Coexistance with Non-Agile

We all learn from an early age that we must play nice with others in the playpen. Iterative Waterfall, Rational Unified Process and other software (and systems) methodologies are not going anywhere and I believe that a mature Agile process can co-exist with non-Agile methodologies in use within the same organization. This is, of course, a balancing act and needs to be focused on making the right choices based upon risk. In this sense, I am suggesting that Agile needs to be – well – more Agile!

Harmonization with Industry Standards and Frameworks

Mature Agile processes need to be aligned with the extensive wisdom that you find in industry standards (e.g. IEEE/ISO/EIA) and frameworks (e.g. Cobit/ITIL/CMMI). There has been some great work done at the Software Engineering Institute (SEI) along these lines which should be supported and encouraged by the technology community.

Support For IT Governance and Compliance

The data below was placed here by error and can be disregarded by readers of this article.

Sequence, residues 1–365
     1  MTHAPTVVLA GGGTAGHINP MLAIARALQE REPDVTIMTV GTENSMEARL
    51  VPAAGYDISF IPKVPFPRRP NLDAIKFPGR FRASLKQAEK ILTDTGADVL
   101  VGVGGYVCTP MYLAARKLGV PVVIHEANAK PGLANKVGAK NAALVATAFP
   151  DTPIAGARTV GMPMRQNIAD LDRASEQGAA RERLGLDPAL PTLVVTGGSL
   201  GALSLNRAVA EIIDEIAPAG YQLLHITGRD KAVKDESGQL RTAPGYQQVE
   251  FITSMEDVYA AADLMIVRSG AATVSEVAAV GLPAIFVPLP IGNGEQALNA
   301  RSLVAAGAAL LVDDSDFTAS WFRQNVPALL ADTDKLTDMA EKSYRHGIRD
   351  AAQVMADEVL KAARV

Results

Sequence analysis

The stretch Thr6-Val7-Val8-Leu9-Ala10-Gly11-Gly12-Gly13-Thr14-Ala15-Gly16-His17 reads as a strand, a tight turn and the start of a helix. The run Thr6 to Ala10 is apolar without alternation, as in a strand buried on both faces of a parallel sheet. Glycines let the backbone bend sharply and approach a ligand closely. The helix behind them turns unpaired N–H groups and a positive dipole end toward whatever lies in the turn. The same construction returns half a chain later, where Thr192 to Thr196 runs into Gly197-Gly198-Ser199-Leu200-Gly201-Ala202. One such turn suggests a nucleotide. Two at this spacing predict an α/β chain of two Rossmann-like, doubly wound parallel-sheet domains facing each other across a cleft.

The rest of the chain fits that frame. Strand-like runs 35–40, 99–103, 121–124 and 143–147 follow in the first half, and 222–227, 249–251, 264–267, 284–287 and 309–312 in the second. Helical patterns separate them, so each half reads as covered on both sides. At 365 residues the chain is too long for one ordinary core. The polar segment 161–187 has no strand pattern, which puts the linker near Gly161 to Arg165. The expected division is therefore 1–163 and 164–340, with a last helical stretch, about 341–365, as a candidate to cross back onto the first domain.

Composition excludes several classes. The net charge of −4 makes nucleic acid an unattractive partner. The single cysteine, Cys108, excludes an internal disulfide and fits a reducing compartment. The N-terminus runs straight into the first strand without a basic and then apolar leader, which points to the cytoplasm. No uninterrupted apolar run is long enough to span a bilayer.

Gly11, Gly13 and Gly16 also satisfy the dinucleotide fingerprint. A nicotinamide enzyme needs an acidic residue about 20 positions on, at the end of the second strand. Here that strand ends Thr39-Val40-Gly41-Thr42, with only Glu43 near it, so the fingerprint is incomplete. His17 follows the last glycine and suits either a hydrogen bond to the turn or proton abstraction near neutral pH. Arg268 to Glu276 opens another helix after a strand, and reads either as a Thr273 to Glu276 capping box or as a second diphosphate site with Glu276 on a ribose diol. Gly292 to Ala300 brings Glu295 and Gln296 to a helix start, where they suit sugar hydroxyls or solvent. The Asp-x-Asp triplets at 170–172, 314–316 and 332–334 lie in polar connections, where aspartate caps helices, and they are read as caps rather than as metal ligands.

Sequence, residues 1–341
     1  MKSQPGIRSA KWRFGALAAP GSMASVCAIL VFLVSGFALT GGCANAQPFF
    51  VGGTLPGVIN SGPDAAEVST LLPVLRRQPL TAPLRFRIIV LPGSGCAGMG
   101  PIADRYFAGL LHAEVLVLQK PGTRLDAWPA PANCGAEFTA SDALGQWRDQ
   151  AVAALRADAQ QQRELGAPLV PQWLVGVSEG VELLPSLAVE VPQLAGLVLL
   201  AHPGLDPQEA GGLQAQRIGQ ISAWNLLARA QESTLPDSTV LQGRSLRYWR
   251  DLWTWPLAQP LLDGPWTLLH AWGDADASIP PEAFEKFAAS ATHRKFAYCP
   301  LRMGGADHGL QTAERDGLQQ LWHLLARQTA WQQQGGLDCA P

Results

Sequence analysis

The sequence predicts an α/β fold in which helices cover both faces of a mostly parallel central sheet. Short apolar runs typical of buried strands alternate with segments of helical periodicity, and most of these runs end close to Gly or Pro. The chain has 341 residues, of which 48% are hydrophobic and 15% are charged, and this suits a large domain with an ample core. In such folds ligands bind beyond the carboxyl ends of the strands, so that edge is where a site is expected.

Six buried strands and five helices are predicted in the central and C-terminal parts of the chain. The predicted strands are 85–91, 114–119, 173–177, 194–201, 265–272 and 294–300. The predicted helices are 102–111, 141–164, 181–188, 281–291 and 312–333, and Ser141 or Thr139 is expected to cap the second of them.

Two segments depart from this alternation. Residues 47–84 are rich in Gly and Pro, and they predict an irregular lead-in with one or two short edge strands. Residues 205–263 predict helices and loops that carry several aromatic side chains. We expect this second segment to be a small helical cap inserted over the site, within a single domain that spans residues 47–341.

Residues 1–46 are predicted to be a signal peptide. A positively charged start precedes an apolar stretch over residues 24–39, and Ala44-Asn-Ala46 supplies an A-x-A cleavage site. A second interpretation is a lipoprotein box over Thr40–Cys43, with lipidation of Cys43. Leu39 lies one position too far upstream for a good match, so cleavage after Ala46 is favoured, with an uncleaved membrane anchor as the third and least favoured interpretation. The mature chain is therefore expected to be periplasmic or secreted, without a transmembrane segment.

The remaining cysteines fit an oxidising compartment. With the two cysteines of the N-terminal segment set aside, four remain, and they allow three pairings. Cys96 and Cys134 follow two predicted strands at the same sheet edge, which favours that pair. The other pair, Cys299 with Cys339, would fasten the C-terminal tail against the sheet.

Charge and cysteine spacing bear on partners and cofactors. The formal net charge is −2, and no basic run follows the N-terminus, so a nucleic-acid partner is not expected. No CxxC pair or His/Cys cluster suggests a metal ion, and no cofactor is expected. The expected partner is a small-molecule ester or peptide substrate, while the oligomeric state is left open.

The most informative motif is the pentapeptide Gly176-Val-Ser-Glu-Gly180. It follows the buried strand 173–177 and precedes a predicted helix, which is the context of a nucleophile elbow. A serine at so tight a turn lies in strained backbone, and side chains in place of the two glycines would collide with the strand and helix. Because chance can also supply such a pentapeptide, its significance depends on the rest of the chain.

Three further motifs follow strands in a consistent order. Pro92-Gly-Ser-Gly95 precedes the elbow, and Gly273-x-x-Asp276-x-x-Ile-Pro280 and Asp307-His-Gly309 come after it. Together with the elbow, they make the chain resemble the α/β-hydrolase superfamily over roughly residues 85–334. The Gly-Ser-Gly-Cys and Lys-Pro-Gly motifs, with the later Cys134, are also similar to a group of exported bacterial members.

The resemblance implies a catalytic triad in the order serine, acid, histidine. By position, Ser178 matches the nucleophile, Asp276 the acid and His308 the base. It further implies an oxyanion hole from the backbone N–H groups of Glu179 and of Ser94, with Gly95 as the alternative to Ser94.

IT governance and compliance are non-negotiable often required by federal law. Agile can work just fine in regulatory environments, as long as you give the right amount of attention to the items on the right

 

Conclusion

Agile process maturity is concept that needs to be considered and addressed by the Agile Community. We need to approach this journey with all of the Agile principles in mind and consider how the right amount of ceremony can help Agile continue to achieve and add value. What do you think? I welcome this dialogue and hope that you will share your views and wisdom as we all share best practices!